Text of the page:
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Posts by foregoneconclusion

CNN, NBC, CBS, ABC, FOX...they all have many different articles regarding the "knock out game". Mainstream media covered it.
 There's nothing "assumed" about racism in the St. Louis and Ferguson area. It's well documented. There were white police officers in St. Louis that intentionally hung up a noose inside their headquarters to intimidate black officers. The black officers were successful in a legal action to make them take it down, but the white officers involved were not punished in any other way by the department. Darren Wilson was previously a member of a St. Louis area police department...
 How did you know about the so-called "knock out game" if it's being buried by the media? Why do all kinds of articles for it pop up under a standard web search? Plus, many of those articles debunk the idea that there was anything widespread, systematic, or racial about it.
Can you find a law in NY that says police are immune from prosecution when a suspect dies during an attempted arrest? Or that police can apply any level of force they choose while attempting an arrest, regardless of the situation? If not, then it's obvious the protestors aren't looking for special treatment for anyone. They're looking for standard civil rights standards to apply to the arrest. Breaking the law or resisting arrest doesn't automatically give police the right...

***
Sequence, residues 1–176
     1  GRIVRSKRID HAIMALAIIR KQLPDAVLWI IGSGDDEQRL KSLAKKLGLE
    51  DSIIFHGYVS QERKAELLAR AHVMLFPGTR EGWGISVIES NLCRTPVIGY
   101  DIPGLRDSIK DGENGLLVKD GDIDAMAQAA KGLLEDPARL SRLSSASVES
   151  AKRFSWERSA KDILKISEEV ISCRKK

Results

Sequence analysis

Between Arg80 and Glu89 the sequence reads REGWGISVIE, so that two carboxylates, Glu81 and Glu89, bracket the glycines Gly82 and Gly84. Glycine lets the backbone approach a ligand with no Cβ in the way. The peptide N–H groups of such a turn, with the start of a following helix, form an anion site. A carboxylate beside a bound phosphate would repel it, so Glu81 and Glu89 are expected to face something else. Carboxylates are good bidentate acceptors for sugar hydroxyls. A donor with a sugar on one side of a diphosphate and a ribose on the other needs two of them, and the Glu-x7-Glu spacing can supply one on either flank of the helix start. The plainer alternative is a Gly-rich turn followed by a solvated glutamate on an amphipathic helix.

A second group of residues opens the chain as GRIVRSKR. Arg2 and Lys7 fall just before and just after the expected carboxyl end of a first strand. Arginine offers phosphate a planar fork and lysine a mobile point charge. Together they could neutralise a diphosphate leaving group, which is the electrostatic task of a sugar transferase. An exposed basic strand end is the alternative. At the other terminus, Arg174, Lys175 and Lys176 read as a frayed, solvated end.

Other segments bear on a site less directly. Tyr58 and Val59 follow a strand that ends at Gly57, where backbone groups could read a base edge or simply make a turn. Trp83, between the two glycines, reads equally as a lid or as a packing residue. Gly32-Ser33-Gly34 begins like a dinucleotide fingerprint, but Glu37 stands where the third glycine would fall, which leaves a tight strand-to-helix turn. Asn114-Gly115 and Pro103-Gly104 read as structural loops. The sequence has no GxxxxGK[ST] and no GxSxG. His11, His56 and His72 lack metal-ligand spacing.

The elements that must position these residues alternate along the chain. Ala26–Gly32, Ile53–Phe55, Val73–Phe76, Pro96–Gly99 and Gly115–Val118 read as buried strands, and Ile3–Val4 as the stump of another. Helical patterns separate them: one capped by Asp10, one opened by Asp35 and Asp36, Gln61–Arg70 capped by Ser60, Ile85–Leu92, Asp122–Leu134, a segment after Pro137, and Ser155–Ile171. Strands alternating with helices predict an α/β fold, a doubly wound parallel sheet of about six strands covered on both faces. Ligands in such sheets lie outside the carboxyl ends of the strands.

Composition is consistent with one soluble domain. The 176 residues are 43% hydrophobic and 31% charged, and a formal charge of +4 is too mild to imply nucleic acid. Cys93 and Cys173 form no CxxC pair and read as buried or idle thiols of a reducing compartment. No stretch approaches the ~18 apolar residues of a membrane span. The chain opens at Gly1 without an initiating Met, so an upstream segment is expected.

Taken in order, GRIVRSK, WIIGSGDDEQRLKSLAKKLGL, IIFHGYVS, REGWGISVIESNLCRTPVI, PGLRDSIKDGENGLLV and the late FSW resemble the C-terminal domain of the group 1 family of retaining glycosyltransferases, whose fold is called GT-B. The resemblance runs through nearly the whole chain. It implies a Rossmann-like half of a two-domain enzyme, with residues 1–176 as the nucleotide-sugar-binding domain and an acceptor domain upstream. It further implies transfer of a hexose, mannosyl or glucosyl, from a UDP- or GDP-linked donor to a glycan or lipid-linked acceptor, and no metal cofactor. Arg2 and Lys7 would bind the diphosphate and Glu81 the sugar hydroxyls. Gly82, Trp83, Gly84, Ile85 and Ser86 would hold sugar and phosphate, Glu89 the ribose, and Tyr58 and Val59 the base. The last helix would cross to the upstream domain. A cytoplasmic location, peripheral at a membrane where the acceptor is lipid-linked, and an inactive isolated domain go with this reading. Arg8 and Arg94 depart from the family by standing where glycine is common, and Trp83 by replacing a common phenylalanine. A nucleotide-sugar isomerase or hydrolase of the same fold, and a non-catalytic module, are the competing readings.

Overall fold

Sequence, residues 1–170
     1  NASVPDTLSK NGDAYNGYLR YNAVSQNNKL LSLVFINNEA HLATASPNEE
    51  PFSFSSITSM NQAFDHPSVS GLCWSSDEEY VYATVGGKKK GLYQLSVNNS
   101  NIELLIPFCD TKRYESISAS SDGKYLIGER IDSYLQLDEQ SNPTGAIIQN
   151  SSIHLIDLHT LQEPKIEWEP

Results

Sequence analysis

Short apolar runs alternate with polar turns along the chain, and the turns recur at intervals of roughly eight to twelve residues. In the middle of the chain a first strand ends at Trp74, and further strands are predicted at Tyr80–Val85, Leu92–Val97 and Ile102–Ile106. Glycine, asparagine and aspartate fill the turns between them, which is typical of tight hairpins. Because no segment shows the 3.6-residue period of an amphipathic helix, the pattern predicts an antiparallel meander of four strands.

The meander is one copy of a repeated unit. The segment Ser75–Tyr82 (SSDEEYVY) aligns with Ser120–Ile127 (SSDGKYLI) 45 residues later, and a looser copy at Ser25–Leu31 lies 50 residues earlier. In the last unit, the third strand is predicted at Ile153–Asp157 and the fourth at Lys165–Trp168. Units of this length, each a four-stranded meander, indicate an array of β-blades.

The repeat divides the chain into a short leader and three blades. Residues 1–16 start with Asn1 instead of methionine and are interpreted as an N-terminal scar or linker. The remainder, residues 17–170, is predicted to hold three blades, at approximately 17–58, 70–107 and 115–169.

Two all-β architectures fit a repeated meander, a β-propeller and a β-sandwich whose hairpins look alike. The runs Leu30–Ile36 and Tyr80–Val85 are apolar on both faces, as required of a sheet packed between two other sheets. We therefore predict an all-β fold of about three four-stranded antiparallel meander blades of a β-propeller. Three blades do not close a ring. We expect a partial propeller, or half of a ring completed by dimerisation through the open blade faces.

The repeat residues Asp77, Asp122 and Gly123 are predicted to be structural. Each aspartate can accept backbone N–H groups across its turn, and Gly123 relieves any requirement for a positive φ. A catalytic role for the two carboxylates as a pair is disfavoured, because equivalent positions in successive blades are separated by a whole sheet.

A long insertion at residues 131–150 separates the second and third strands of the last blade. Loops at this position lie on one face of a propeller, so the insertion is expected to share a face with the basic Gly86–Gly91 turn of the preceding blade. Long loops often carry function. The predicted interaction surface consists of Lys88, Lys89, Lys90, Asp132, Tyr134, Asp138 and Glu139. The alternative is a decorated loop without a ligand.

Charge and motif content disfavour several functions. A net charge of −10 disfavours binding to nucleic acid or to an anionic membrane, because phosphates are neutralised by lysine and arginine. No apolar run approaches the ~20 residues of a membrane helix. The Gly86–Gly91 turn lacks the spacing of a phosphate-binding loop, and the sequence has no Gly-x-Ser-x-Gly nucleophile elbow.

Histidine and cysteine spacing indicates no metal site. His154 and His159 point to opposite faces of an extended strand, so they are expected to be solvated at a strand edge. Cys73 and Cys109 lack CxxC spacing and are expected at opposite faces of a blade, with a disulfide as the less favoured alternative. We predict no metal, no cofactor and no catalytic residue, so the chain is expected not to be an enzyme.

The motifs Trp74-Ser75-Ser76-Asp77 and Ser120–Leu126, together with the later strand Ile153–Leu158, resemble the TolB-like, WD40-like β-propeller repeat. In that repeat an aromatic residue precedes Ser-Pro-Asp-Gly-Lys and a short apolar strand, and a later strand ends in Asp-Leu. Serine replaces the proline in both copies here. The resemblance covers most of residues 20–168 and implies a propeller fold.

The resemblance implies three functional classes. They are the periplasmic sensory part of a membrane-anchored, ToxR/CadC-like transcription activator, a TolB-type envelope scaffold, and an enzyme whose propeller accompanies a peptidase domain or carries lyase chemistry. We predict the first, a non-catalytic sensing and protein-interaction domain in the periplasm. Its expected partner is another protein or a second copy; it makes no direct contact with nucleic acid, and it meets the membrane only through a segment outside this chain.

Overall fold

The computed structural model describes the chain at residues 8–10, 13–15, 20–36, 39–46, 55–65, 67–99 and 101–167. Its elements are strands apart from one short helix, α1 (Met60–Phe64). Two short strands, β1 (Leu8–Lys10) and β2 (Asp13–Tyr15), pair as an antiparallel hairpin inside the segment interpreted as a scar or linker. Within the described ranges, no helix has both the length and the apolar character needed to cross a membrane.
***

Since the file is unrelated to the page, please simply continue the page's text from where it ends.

Buried? And yet you're linking to it on the internet? What you're really talking about is national news vs. local news. Garner's death made national news because it was entirely documented on video and went viral. Brown's death made national news because Ferguson and the St. Louis area has well documented problems with racial tensions and unusual behavior by the local justice system. The officer involved in the shooting had actually been a member of another local police...
 You're not required to surrender your civil rights when interacting with police. That's what the controversy is about. Despite their authority, the police aren't really intended to be judge, jury, and executioner.
It wasn't really $1.3 billion "for iPads". The $1.3 billion included big bucks for many other things like updating school tech infrastructure, as well as the Pearson online learning material. 
 Sanitary regulations for restaurants is not just about consumer safety. It's also about economic sanity. A higher level of consumer confidence will always lead to greater sales. It's a regulation that improves the market.
 Name a utility that citizens of the United States don't have to pay for simply because it's regulated by the government. Besides, weren't the deregulation of electric utilities supposed to lead to lower electric bills due to "competition" in the free market? That never happened. If anything, there's ample statistical evidence for those types of markets that private companies failed to deliver on their promises to paying customers. Plus, think of all the paying customers...
Private property doesn't exist without the laws, judicial system, and enforcement of the government, so keep that in mind. It's not intended to be out of reach of government regulation or legal power. Many on the right like to talk about private property as if it's somehow independent of the government or the will of the people, but it's obviously not.
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